It’s that time of year when we set new year resolutions. Except this year is different. We have the benefit of 2020 hindsight and everything we learned from the challenges of last year. As we enter 2021 in this decade of continued disruption (climate change, digital transformation and advances in artificial intelligence changing the future of work), it will serve all of us well to focus on leadership practices, not resolutions. Over time these leadership practices become etched into habits and character that help us to be more agile and resilient. I personally used these leadership practices in 2020 to help me grow my business +30%, write and publish my award-winning book, start a successful leadership podcast and (importantly for a year where many of us are burned out) experience well-being and inspiration.
Individually and collectively, we experienced a year unlike any other in our lifetimes. There are many leadership lessons to be internalized. My executive coaching clients are using these ten questions to reflect on 2020. In these reflections, leaders are discovering new capacities they developed confronting the crucible experiences of 2020. Think back for yourself: you have been agile to change, learned how to make decisions in unpredictable situations, been resilient, done things differently. Collectively, in record time, the human race now has a number of COVID-19 vaccines that are offering hope and optimism for 2021.
What we have learned in 2020 is that there is less within our control than we would like. Often, we lose focus and momentum on our goals when we don’t make the quick progress that we anticipated. Most new year resolutions are abandoned within the first quarter of the year, many in the first month. Instead of setting outcome focused goals (i.e. I will lose 20 lbs, I will save more money, I will get promoted in my job, etc), consider leadership practices that will help you be more effective, inspired and agile in times of disruption. Based on my book “Wired for Disruption”, here are six research-based leadership practices to try. Once you have gained momentum in these you can add your own.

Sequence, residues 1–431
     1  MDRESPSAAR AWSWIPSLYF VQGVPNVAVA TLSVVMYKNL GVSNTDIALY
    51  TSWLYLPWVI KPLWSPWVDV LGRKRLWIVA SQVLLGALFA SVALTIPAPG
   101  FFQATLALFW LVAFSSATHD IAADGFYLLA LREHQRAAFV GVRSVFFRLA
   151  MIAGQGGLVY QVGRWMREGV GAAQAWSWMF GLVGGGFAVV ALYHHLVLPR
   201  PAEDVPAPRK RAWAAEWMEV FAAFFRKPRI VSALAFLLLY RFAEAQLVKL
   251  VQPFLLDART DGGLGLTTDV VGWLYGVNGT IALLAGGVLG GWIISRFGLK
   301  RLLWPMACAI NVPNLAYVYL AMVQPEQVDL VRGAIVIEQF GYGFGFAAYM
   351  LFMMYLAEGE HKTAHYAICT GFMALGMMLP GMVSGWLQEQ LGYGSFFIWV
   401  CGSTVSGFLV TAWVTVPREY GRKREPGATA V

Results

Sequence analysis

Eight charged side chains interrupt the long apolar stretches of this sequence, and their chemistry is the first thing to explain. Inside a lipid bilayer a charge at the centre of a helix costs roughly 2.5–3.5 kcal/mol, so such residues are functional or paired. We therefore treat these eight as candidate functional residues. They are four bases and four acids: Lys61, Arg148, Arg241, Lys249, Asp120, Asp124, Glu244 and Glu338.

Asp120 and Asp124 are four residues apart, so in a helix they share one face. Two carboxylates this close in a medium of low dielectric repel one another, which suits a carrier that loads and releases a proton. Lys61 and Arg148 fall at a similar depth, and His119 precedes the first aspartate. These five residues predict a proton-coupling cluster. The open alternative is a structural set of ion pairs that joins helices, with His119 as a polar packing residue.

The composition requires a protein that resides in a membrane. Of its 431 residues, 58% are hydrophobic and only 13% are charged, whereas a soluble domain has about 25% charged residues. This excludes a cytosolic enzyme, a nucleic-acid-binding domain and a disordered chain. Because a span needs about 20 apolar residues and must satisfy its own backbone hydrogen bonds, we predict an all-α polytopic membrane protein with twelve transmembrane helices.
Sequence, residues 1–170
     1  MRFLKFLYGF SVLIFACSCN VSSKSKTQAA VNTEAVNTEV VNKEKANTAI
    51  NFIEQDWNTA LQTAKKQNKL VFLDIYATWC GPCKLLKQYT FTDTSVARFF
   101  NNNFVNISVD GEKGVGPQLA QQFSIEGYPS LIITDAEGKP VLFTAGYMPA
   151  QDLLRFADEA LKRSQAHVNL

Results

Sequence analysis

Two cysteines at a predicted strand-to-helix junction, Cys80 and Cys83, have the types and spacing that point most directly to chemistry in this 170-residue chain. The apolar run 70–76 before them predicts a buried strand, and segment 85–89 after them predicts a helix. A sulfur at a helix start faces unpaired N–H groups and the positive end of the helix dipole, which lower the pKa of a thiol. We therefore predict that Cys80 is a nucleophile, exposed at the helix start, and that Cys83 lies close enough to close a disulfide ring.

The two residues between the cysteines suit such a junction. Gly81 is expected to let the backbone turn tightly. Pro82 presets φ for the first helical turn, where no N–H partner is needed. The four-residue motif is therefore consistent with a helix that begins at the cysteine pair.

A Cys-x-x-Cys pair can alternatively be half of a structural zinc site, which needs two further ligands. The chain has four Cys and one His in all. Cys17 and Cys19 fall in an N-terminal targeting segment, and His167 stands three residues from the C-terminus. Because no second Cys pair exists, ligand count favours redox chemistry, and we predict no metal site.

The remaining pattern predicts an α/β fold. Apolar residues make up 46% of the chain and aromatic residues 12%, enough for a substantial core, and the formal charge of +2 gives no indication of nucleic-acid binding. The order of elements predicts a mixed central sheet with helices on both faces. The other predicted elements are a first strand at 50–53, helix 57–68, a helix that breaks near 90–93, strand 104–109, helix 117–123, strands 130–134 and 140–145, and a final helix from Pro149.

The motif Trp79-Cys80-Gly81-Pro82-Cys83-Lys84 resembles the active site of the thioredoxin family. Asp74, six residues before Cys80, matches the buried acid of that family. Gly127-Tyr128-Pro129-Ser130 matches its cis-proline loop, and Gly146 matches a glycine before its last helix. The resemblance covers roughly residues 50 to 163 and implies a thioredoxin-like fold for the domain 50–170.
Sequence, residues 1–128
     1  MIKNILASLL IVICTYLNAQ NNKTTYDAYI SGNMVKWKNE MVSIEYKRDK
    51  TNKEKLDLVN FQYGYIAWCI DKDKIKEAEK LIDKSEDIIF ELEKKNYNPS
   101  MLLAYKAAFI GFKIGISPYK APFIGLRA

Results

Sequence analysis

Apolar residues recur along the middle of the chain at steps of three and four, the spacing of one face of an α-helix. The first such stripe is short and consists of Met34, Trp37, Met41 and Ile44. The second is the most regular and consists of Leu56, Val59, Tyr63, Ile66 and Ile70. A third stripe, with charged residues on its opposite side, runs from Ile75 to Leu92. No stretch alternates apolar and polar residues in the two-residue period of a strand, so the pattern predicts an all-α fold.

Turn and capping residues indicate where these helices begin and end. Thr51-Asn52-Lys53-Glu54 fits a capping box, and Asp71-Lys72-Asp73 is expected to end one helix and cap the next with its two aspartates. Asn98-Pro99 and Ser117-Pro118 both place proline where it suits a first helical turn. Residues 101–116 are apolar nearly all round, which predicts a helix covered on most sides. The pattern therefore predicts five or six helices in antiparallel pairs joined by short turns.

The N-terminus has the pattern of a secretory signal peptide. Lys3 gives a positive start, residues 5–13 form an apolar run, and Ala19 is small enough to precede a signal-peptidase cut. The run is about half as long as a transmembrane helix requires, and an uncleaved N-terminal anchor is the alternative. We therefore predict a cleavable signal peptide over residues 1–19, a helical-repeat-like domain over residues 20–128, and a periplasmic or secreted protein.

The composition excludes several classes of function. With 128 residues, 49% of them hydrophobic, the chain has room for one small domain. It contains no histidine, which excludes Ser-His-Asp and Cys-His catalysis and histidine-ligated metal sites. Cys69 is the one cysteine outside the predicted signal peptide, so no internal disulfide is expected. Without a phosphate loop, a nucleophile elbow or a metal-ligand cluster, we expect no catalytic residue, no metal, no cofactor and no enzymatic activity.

Six Leadership Practices for 2021
I asked myself a question for each leadership practice every day. This is a technique I learned from Marshall Goldsmith, the leading CEO executive coach and mentor to me. It is a way to be accountable to yourself every day for doing your best in areas that are important to you and critical for success in your goals. The key for this tool to work is to get an accountability partner. Marshall Goldsmith pays someone to call him every day and ask him to self-assess on his list of 30 questions. Every day my accountability partner and I rate ourselves on each of our questions on a scale of one to ten. I keep mine in an excel spreadsheet. The spreadsheet shows that I have been more consistent in my practice once I got an accountability partner.
These six practices below are research-based to help us lead in times of disruption.
1. Did I do my best to take care of my health and well-being? Most of us have experienced burnout this past year due to the stress of the disruptions we have faced. Our leadership impact is driven by our state of well-being. In my book “Wired for Disruption” I shared research from Dr. Richard Boyatzis, a leading neuroscientist, that shows that our ability to be agile, creative and responsive to change is related to our ability to shift to our parasympathetic (rest and relax) nervous system. This impacts not just us but also the people we lead and influence. You can listen to our podcast episode here. Most performance experts suggest that we need to move our bodies, eat nutritious food, get quality sleep and practice mindfulness to take care of ourselves.